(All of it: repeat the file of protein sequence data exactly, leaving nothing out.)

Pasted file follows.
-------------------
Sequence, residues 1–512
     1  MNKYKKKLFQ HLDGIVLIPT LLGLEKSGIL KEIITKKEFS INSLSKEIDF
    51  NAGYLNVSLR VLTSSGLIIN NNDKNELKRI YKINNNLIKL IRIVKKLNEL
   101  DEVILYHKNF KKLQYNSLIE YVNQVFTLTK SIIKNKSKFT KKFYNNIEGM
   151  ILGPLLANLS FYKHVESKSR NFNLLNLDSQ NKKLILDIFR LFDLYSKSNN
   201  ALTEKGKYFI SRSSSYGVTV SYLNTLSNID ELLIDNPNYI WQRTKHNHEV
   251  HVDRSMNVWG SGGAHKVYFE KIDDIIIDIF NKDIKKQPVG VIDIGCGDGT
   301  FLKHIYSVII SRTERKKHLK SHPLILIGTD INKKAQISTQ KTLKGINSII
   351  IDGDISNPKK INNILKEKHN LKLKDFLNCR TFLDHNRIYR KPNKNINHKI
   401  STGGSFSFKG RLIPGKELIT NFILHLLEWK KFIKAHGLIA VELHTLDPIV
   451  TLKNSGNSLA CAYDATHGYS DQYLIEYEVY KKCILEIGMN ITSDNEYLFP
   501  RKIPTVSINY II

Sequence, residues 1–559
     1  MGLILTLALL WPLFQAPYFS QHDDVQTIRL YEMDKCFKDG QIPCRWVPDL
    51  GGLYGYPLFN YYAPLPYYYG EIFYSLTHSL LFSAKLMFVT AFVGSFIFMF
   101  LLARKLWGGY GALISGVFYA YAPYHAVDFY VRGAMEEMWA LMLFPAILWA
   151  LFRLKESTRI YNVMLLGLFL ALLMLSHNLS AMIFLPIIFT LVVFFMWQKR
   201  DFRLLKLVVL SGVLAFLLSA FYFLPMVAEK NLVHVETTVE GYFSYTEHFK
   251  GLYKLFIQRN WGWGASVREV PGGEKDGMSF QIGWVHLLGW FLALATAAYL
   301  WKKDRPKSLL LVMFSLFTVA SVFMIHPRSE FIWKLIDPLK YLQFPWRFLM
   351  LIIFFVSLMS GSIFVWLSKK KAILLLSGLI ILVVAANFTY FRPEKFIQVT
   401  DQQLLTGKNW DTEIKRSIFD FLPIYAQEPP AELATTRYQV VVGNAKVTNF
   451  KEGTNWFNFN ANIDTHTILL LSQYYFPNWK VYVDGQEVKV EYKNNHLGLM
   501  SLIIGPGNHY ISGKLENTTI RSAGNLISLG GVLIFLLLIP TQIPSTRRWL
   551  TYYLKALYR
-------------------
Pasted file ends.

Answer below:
Sequence, residues 1–512
     1  MNKYKKKLFQ HLDGIVLIPT LLGLEKSGIL KEIITKKEFS INSLSKEIDF
    51  NAGYLNVSLR VLTSSGLIIN NNDKNELKRI YKINNNLIKL IRIVKKLNEL
   101  DEVILYHKNF KKLQYNSLIE YVNQVFTLTK SIIKNKSKFT KKFYNNIEGM
   151  ILGPLLANLS FYKHVESKSR NFNLLNLDSQ NKKLILDIFR LFDLYSKSNN
   201  ALTEKGKYFI SRSSSYGVTV SYLNTLSNID ELLIDNPNYI WQRTKHNHEV
   251  HVDRSMNVWG SGGAHKVYFE KIDDIIIDIF NKDIKKQPVG VIDIGCGDGT
   301  FLKHIYSVII SRTERKKHLK SHPLILIGTD INKKAQISTQ KTLKGINSII
   351  IDGDISNPKK INNILKEKHN LKLKDFLNCR TFLDHNRIYR KPNKNINHKI
   401  STGGSFSFKG RLIPGKELIT NFILHLLEWK KFIKAHGLIA VELHTLDPIV
   451  TLKNSGNSLA CAYDATHGYS DQYLIEYEVY KKCILEIGMN ITSDNEYLFP
   501  RKIPTVSINY II

Sequence, residues 1–559
     1  MGLILTLALL WPLFQAPYFS QHDDVQTIRL YEMDKCFKDG QIPCRWVPDL
    51  GGLYGYPLFN YYAPLPYYYG EIFYSLTHSL LFSAKLMFVT AFVGSFIFMF
   101  LLARKLWGGY GALISGVFYA YAPYHAVDFY VRGAMEEMWA LMLFPAILWA
   151  LFRLKESTRI YNVMLLGLFL ALLMLSHNLS AMIFLPIIFT LVVFFMWQKR
   201  DFRLLKLVVL SGVLAFLLSA FYFLPMVAEK NLVHVETTVE GYFSYTEHFK
   251  GLYKLFIQRN WGWGASVREV PGGEKDGMSF QIGWVHLLGW FLALATAAYL
   301  WKKDRPKSLL LVMFSLFTVA SVFMIHPRSE FIWKLIDPLK YLQFPWRFLM
   351  LIIFFVSLMS GSIFVWLSKK KAILLLSGLI ILVVAANFTY FRPEKFIQVT
   401  DQQLLTGKNW DTEIKRSIFD FLPIYAQEPP AELATTRYQV VVGNAKVTNF
   451  KEGTNWFNFN ANIDTHTILL LSQYYFPNWK VYVDGQEVKV EYKNNHLGLM
   501  SLIIGPGNHY ISGKLENTTI RSAGNLISLG GVLIFLLLIP TQIPSTRRWL
   551  TYYLKALYR